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how to write the perfect pitch email

You’ve written a fabulous press release, now what? How do you send it?

There are some simple rules to follow when it comes to crafting the perfect pitch email, so here’s my best practice guide:

  1. Be polite and personable - Being friendly and super helpful is always the best way to cultivate and nurture relationships with journalists. I like to throw in a ‘How are you?’ or ‘I hope you’re well’ and keep the tone of the email professional but light as well as to the point.

  2. Make no assumptions - A journalist will never owe you anything or is never obligated to love your product or offering even if it is the absolute bees knees, so don’t give them the impression that you think they do. No ‘You will LOVE this’ or ‘This is SO on the money for your magazine and your readers’. Take a softer approach, ‘I really hope this is something that you feel might work’, or ‘Keeping fingers crossed you love it’.

  3. Less of the small talk/chit chat - Get straight to the point of your email very quickly. Follow on from your greeting without too much fluff. By all means reference a previous issue or a piece of their work that you’ve loved and suggest that this is why you felt it relevant to pitch your offering to them. This shows that you understand the content they create and the topics that they cover as well as understanding the demographic of the magazine/outlet. Don’t linger on this compliment though.

  4. Don’t add large attachments - Whilst it is SO important to have high resolution imagery on hand for media opportunities, please don’t send to a journalist with your opening pitch email (unless you are directly responding to a request that has asked you to submit high resolution imagery in the first instance). As you can imagine, the inbox of a journalist is a crazy space and there is just no room for hundreds of high resolution images clogging it up on a daily basis. Offer imagery to them and suggest following up with a selection. These can then be shared via ‘wetransfer’, Dropbox or Google Drive.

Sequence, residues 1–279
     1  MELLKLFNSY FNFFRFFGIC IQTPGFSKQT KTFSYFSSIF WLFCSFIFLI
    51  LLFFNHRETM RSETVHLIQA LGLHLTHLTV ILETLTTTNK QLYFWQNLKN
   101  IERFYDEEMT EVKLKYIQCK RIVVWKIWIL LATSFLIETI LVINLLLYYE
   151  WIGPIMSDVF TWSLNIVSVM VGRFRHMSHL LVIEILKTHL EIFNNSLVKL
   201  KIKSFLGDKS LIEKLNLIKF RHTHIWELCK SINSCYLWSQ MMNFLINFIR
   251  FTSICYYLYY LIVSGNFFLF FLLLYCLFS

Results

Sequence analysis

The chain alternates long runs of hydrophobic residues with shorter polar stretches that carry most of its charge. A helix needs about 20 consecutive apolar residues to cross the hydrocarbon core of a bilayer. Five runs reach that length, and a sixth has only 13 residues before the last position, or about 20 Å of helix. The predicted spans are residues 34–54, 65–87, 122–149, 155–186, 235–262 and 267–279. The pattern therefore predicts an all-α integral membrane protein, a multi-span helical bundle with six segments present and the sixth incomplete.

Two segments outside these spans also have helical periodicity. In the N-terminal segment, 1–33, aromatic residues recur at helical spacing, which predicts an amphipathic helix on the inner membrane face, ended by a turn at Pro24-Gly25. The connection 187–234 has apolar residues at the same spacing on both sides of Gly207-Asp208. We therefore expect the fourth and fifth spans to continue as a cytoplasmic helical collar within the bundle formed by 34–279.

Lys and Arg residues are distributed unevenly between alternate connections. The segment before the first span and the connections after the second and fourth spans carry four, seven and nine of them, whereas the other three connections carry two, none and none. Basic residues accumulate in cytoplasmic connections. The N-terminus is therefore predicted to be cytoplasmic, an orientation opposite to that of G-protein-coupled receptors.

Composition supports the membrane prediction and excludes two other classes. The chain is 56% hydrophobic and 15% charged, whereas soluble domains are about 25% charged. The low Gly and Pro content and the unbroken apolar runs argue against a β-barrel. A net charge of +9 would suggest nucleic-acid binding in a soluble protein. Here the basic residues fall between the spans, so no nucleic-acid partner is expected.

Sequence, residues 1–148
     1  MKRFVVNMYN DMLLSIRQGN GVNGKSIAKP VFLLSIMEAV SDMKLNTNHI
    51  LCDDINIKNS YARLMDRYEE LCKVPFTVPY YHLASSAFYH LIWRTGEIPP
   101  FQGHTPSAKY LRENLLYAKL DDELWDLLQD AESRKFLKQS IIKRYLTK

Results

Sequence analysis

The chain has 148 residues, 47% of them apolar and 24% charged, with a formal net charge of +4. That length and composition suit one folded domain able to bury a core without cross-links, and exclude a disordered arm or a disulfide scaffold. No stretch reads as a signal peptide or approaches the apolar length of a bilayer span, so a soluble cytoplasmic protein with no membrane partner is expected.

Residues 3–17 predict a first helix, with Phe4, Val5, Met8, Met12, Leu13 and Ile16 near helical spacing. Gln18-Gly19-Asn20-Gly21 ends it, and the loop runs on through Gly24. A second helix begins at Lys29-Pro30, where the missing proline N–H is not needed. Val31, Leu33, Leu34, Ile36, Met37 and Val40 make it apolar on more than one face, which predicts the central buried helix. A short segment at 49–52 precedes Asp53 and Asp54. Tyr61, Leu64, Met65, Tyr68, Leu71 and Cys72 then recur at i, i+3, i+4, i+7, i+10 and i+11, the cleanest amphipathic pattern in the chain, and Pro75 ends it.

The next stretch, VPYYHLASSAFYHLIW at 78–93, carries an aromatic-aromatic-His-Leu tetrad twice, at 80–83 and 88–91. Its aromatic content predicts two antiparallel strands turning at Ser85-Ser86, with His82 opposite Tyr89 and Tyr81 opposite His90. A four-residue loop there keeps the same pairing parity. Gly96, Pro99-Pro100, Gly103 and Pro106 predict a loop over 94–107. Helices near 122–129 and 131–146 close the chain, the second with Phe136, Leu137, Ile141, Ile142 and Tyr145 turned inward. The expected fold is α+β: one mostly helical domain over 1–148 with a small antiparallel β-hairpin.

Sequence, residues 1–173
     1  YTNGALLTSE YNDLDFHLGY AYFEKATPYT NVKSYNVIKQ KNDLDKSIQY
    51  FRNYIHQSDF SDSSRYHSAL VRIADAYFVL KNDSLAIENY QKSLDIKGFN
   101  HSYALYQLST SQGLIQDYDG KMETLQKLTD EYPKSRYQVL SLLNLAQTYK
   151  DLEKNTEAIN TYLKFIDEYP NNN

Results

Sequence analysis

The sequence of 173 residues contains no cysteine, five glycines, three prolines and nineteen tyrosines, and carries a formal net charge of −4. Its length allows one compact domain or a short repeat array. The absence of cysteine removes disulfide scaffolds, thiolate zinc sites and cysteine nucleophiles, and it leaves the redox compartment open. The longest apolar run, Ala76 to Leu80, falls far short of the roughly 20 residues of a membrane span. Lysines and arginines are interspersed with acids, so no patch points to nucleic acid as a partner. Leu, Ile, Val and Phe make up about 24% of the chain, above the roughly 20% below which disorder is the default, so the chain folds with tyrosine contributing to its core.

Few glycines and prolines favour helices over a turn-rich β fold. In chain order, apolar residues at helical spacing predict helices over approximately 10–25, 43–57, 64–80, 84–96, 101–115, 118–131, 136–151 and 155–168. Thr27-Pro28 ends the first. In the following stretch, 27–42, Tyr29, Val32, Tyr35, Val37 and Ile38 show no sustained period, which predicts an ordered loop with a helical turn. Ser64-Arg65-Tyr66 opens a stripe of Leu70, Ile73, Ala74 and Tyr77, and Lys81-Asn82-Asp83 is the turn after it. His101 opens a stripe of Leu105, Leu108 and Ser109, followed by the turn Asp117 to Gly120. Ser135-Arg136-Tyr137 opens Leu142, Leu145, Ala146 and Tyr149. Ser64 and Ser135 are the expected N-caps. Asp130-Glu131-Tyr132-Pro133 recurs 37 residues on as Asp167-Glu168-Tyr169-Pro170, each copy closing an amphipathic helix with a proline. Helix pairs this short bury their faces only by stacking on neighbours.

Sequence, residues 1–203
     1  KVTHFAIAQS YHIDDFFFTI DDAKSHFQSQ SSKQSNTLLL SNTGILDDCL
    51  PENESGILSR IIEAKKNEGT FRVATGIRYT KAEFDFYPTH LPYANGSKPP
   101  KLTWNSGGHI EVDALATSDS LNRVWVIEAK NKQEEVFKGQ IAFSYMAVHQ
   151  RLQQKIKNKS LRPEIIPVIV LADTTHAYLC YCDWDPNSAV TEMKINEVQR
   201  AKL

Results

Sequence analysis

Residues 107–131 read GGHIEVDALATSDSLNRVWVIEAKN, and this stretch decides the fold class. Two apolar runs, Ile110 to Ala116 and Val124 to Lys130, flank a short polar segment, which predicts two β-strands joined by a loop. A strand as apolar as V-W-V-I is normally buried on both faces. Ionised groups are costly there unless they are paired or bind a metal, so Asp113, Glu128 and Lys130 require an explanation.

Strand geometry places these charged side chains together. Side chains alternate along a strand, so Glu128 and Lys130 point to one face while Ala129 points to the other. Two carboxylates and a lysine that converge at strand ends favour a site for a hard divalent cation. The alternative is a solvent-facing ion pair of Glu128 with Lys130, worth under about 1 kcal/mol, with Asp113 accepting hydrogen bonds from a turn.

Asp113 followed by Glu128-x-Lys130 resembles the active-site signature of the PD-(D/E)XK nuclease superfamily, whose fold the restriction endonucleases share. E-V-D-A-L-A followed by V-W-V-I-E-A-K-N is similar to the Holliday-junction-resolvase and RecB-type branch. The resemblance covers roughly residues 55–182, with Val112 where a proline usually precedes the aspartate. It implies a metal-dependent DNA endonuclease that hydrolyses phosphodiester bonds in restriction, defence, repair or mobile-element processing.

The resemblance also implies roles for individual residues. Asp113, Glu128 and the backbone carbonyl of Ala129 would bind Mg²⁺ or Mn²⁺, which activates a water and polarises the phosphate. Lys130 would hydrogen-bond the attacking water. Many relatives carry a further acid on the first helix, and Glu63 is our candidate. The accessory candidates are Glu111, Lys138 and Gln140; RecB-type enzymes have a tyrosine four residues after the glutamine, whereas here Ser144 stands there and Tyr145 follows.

5. Share your Press Release - my best practice has always been to attached a PDF (smaller than 1MB) to my pitch emails. Why? Because journalists save these documents on file to come back to. I’ve sent pitches that have only been responded to up to, and beyond, 6 months later because a contact has saved the information to come back to. However, I would still suggest putting in a paragraph or two of the key information from the release into your pitch email, just in case the journalist doesn’t trust opening an attachment from an unknown source.

  6. Include your contact/follow up information - when you’re signing off your email, always include a summary of the best ways to contact you as well as a phrase that wraps up and offers anything else that the journalist may need or be interested in such as: ‘I am able to provide further information, access to samples and a selection of high resolution imagery, so please do let me know if I can provide further assistance.’

  7. Use your Subject Line to win the pitch - You’ve got your press release, you’ve got a carefully considered pitch; the final piece of the puzzle is the subject of the email. This needs to say exactly what you’re offering in a way that makes it relevant to the journalist. Working with interiors products we would often tap into a trend that we suspected journalists to be working on so would create something along the lines of: ‘Moody Blue Hues for Autumn/Winter Interiors’ so that it was clearly relevant or not to a journalist. If your pitch is a little more tailored, then you need to spell out what you are pitching and think along the lines of a journalist to show them the ‘story’ in your pitch, using media/article headlines as inspiration.

As with everything on the DIY PR route, all you need to do is break it down into those bitesize chunks. Understanding the elements of PR and how components like a ‘pitch’ work. will allow you enough insight to tackle this yourself.

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Fiona Minett